• No results found

Plasma Discharges in Produced Water and Its Applications to Large Scale Flow

N/A
N/A
Protected

Academic year: 2021

Share "Plasma Discharges in Produced Water and Its Applications to Large Scale Flow"

Copied!
205
0
0

Loading.... (view fulltext now)

Full text

(1)

Plasma Discharges in Produced Water and Its Applications to Large Scale Flow

A Thesis

Submitted to the Faculty of

Drexel University by

HyoungSup Kim in partial fulfillment of the requirements for the degree

of

Doctor of Philosophy March, 2016

(2)
(3)

© Copyright 2016

(4)

Acknowledgements

I would like to express my special appreciation and thanks to my advisor, Professor Young I. Cho. Your full support, and guidance encouraged me to achieve my research goal during my life at Drexel University. Your sincere advice on both research as well as on my career has been invaluable.

I am also grateful to to Professor Alexander Fridman and Professor Alexander Rabinovich. I had a pleasure to learn plasma with your broad knowledge and understanding. I would like to thank my committee members, Professor Nicholas

Cernansky, and Professor Matthew McCarthy, for your insights on this thesis, and during my time at Drexel.

I want to thank the friendship and help from the friends and colleagues at Drexel Plasma Institute over the years. Special thanks to Gary Nirenberg and Yelena Alekseyeva.

I feel thankful to my friends, Daniel J. Cho, Kamau Wright and Justin Johnson who have always offered a true word of encouragement.

A special thanks to my family. Words cannot express how grateful I am to my parents for all of the sacrifices that you’ve made on my behalf. Your prayer for me was what sustained me thus far. I would also like to thank to my beloved wife, Ye Jin Kim and son, HaJoon Jacob Kim, for cheering me up.

(5)

Table of Contents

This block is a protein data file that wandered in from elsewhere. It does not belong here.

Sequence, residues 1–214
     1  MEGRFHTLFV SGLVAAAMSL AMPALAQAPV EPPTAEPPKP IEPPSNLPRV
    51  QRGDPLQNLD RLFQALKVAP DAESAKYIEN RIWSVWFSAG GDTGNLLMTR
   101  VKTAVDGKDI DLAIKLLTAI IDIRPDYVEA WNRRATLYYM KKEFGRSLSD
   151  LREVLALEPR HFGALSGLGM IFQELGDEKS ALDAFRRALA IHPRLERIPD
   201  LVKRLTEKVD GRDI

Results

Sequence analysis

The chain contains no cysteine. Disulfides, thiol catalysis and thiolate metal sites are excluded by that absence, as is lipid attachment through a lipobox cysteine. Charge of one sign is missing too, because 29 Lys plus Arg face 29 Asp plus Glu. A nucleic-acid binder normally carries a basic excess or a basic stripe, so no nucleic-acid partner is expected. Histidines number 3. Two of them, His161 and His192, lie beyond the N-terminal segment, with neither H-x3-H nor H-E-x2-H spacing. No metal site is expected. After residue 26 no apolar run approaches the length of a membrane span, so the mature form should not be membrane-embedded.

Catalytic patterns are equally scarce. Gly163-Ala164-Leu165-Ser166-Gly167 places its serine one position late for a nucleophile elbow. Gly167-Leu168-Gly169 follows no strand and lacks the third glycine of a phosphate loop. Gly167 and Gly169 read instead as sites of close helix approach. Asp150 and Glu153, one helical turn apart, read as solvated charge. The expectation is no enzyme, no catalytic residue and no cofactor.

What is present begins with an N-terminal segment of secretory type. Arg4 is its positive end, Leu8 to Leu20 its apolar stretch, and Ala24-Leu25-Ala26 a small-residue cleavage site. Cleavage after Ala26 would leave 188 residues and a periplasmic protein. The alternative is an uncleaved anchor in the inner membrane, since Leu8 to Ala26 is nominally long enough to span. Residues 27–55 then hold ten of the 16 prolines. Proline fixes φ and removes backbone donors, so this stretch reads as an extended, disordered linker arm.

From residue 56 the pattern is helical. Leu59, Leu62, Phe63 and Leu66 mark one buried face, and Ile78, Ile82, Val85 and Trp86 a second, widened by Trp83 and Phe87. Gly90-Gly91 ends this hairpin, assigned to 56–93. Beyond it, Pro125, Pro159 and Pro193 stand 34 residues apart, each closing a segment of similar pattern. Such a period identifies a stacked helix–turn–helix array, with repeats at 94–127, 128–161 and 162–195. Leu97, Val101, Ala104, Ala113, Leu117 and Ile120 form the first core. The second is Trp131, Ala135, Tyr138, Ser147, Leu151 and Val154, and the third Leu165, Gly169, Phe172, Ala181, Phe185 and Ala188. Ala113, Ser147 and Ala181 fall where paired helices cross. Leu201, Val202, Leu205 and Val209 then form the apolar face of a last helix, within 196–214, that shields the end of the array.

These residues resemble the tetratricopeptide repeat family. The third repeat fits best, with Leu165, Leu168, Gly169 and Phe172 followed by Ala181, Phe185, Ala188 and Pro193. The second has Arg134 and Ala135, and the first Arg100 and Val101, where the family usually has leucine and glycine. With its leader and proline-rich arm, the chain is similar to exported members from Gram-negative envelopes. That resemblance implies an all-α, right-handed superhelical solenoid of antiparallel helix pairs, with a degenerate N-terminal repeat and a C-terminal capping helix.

Chapter Page

Acknowledgements ... i 

Table of Contents ... ii 

List of Tables ... vi 

List of Figures ... vii 

Abstract ... xiv 

Chapter 1. Introduction ...1 

1. Overview of the study ... 1 

1.1. Gas extraction from shale ... 2 

1.2. Needs of water for hydro-fracturing ... 4 

1.3. Characteristics of produced water ... 6 

1.4. Produced water management ... 12 

1.5. Microbiologically influenced corrosion in gas and oil fields ... 15 

Chapter 2. Background of plasma discharge in water ...23 

2.1. High-voltage plasma discharges ... 23 

2.2. Active species from plasma-liquid interaction ... 28 

2.3. Challenges in the use of plasma discharge for the treatment of produced water ... 33 

2.3.1. Erosion of electrodes... 33 

2.3.2. Effect of water conductivity on the generation of plasma discharge ... 34 

Chapter 3. Plasma discharge system for produced water treatment ...36 

3.1. Remote gliding arc discharge with water injection ... 36 

(6)

3.2. Spark discharge by co-axial electrode in produced water ... 44 

3.2.1. Power supply and characterization of spark discharge ... 48 

3.2.2. Characterization of spark discharges in water ... 51 

Chapter 4. Use of gliding arc discharges on the inactivation of bacteria in water ...55 

4.1. Concentration of hydrogen peroxide generated by gliding arc discharge and inactivation of E-coli in water ... 56 

4.1.1. Experiment setup ... 57 

4.1.1.1. Measurement of the concentration of H2O2 generated by gliding arc discharge ... 57 

4.1.1.2. Inactivation of E-coli in water by H2O2 produced by gliding arc discharge ... 59 

4.1.2. Results of concentration of hydrogen peroxide generated by gliding arc discharge and inactivation of E-coli in water ... 61 

4.1.3. Discussion of concentration of hydrogen peroxide generated by gliding arc discharge and inactivation of E-coli in water ... 65 

4.1.4. Conclusions of Section 4.1 ... 66 

4.2. Effects of H2O2 and low pH produced by gliding arc discharge on the inactivation of E-coli in water ... 68 

4.2.1. Experiment setup ... 69 

4.2.2. Results of effects of H2O2 and low pH produced by gliding arc discharge on the inactivation of E-coli in water ... 72 

4.2.3. Discussion of effects of H2O2 and low pH produced by gliding arc discharge on the inactivation of E-coli in water ... 77 

(7)

4.2.4. Conclusions of Section 4.2 ... 78 

4.3. Use of plasma gliding arc discharges on the inactivation of E-coli in water ... 80 

4.3.1. Experiment setup ... 81 

4.3.2. Results of use of plasma gliding arc discharges on the inactivation of E-coli in water ... 85 

4.3.3. Discussion of use of plasma gliding arc discharges on the inactivation of E-coli in water... 88 

4.3.4. Conclusions of Section 4.3 ... 92 

4.4. Residual effects and energy cost of gliding arc discharge treatment on the inactivation of E-coli in water ... 93 

4.4.1. Experiment methods ... 94 

4.4.2. Results of residual effects and energy cost of gliding arc discharge treatment on the Inactivation of E-coli in Water ... 96